Gold does have some intrinsic value outside of its value as an inflation hedge. What is a cryptocurrency’s intrinsic value? Possibly nothing for most cryptocurrencies.
Cryptocurrencies are intangible
You can hold your gold, if you would like, in the form of coins that, if times became very bad, you could trade for food, water, whatever. Gold has been thought of as an alternative currency acceptable anywhere in the world. It can be tangible. You can carry it around in your pocket or put it in your safe at home, if that makes you feel better.
And there is hope that after the power grid comes back up, you will be able to convert your gold back into something more useful, like dollars.
Unfortunately, you can’t carry a cryptocurrency coin around in your pocket. They are electronic files stored on a server. And if you forget the password to access crypto, you are out of luck. It is gone. You also aren’t going to have much luck trading your crypto for food or water if the power grid goes down.
Cryptocurrencies are extremely volatile
Every reputable investment adviser I know who works with 401(k) plan participants knows that volatile investments are not good for participants’ mental health.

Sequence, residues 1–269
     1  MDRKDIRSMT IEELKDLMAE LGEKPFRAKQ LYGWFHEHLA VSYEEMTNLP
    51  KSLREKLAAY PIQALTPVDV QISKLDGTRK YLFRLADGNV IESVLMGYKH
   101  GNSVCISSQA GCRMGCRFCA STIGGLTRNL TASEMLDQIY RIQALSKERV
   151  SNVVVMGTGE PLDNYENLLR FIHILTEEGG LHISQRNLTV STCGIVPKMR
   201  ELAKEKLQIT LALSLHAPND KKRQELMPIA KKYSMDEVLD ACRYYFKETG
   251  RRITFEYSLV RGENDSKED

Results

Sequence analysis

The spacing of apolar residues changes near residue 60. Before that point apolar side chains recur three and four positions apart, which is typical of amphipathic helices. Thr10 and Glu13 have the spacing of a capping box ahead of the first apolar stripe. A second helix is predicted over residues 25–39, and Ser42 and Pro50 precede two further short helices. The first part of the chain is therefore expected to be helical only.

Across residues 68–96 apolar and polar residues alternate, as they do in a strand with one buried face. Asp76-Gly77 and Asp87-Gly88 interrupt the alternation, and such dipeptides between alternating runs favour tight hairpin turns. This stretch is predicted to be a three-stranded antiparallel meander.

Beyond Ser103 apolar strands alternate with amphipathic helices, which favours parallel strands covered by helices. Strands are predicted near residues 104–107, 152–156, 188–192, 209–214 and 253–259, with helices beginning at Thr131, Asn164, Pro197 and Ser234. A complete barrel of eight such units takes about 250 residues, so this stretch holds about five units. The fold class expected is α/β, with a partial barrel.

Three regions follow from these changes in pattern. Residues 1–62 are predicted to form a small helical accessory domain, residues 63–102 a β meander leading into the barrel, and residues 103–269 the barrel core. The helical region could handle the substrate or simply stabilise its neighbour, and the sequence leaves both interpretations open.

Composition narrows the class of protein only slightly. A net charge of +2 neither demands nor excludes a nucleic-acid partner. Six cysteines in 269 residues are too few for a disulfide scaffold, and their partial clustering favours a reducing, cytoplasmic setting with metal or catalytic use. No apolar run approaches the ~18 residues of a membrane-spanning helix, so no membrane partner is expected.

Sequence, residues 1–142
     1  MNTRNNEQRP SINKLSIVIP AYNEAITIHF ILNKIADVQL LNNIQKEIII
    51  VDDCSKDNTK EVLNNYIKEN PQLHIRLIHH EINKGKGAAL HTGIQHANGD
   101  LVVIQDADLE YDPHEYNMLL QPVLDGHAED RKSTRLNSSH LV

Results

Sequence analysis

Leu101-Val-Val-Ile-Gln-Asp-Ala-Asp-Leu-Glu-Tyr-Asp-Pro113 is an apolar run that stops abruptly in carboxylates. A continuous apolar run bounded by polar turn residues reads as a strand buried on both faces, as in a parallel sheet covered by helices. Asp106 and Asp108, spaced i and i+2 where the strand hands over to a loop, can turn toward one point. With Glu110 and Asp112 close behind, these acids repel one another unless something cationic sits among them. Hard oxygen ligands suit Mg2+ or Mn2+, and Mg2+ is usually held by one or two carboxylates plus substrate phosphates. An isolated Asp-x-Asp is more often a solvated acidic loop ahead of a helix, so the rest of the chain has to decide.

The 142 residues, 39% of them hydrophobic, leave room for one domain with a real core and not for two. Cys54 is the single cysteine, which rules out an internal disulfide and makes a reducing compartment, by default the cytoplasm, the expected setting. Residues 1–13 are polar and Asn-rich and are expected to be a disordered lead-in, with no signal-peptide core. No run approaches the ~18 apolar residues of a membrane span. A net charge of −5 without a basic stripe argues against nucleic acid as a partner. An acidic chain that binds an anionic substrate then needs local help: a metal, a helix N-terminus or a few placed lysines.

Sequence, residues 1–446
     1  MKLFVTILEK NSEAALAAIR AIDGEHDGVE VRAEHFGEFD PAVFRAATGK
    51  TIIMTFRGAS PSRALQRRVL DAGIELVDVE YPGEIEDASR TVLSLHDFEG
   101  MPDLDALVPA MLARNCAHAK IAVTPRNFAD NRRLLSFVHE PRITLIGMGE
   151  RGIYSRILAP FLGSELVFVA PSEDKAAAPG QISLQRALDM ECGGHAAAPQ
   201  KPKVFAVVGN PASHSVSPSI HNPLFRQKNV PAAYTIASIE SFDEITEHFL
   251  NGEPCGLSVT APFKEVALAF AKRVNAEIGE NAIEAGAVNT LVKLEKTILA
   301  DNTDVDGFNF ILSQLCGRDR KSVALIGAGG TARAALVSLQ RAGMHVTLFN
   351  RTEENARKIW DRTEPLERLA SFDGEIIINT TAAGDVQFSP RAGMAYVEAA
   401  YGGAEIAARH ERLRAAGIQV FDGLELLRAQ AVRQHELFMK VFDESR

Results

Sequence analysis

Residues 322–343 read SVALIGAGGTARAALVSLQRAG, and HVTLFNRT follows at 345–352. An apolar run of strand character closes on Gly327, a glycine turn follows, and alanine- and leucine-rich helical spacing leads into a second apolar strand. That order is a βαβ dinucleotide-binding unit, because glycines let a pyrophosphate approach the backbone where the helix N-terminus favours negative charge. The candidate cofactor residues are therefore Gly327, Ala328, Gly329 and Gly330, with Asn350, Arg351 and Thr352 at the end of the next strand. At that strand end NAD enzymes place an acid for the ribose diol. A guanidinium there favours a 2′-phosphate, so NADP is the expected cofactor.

“Unfortunately, you can’t carry a cryptocurrency coin around in your pocket. They are electronic files stored on a server. And if you forget the password to access your crypto, you are out of luck. It is gone. You also aren’t going to have much luck trading your crypto for food or water if the power grid goes down.”
Explaining why account balances dropped significantly due to a crash in the stock market is difficult. How do you explain to participants that the value of their cryptocurrencies dropped by 50% over the weekend because of an offhand tweet? What does that mean their remaining investment in cryptocurrencies is actually worth?
Eventually, after a number of these experiences, even the most risk-seeking participants would wonder why cryptocurrencies are offered as investments in their 401(k) plan.
Governments around the world
Both the United States and China are working on their own digital currencies. That makes a lot of sense. Neither of these economies will allow its monetary policy to be hijacked by a cryptocurrency.
What do you think Bitcoin and many other crypto- currencies will be worth when we have a digital dollar and yuan? I would think a lot less.
Governments around the world also know that heavy users of cryptocurrencies right now are criminal enterprises. It seems like every ransomware attack is payable in Bitcoin. It is just a matter of time before the United States, and many other countries, decide that the amount of taxes forgone in cryptocurrency transactions is unacceptable. What do you think the value of Bitcoin will be after most countries begin taxing cryptocurrency transactions?